As Chinese New Year approaches, people should reconsider the practicality of fireworks to holidays, celebrations


Ryan Zhang

The sounds of fireworks erupt as the sun sets on a special occasion. Families watch as glittering colors blast in the sky as the sky turns dark. It’s a tradition for many to participate in activities involving fireworks during the holidays. From small firecrackers to fireworks that light up the sky, nighttime fills with a BOOM. As the crackles and pops settle down, what remains are thick clouds of smoke and particles. This raises the question: Are fireworks really a necessity in celebrations?

Fireworks serve as a finale to special occasions, though they contribute to the finale of a healthy environment. As we finish up the December holidays and New Year’s celebrations, we approach other festivities like Chinese New Year. Therefore, it is important to realize these celebrations and many others across the world often involve fireworks along with potential harms. 

As someone who has resorted to environmental topics, specifically air pollution, for projects throughout school, I often notice fireworks having an unrecognized impact on the ecosystem compared to other environmental concerns. While I scrolled through numerous articles, magazines and databases looking for interesting facts pertaining to air pollution causes and ways to reduce it, the same information always came up, though none mentioned fireworks.

Fireworks aren’t a commonly brought-up topic in environmentally-focused discussions and are often overlooked by larger, more prominent concerns such as vehicle emissions and plastic remnants. However, they can still be a problem. According to a study by the International Journal of Environmental Research and Public Health, fireworks release particles and the particle concentration found during large fireworks displays is similar to the concentration at major air pollution events such as wildfires. Additionally, due to the high particle concentration following the use of fireworks, there is a risk for adverse health effects and people’s existing respiratory and mental diseases may worsen.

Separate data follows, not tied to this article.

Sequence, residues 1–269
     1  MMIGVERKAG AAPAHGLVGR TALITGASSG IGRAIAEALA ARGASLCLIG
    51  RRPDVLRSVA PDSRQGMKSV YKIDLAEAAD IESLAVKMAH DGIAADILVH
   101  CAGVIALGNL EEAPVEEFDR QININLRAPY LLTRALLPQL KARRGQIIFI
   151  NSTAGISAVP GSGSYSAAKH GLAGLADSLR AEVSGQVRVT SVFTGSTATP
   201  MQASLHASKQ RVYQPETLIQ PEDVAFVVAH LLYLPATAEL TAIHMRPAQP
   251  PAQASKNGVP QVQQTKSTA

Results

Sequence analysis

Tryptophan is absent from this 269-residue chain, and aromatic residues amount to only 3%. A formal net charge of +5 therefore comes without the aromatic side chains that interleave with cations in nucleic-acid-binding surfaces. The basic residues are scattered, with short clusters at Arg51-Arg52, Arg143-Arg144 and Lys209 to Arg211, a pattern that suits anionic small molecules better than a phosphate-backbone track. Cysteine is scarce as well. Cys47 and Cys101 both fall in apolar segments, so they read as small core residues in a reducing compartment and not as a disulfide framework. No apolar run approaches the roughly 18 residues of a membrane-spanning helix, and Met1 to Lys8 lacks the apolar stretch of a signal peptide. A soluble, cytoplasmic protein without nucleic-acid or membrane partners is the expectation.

Furthermore, as someone who enjoys watching the news daily, I get a glimpse of what goes on in the world. Once in and while, as holidays roll around, I see reports of families grieving as a result of fireworks accidents. According to a report by the Consumer Product Safety Commission, in 2020, fireworks-related accidents injured over 15,000 people. Though fireworks come with guidelines and precautions, they are far from the safest activities. They are still explosives with the potential of accident and injury. 

Fireworks have been a tradition for centuries to mark holidays, but they can also be harmful. Originally created and used to scare away evil spirits, fireworks now serve as just a light show–a light show that consumes many resources and negatively impacts those around it. Ultimately, it is important to reconsider the value of the fireworks we use. 


The views in this column do not necessarily reflect the views of the HiLite staff. Reach Ryan Zhang at [email protected]

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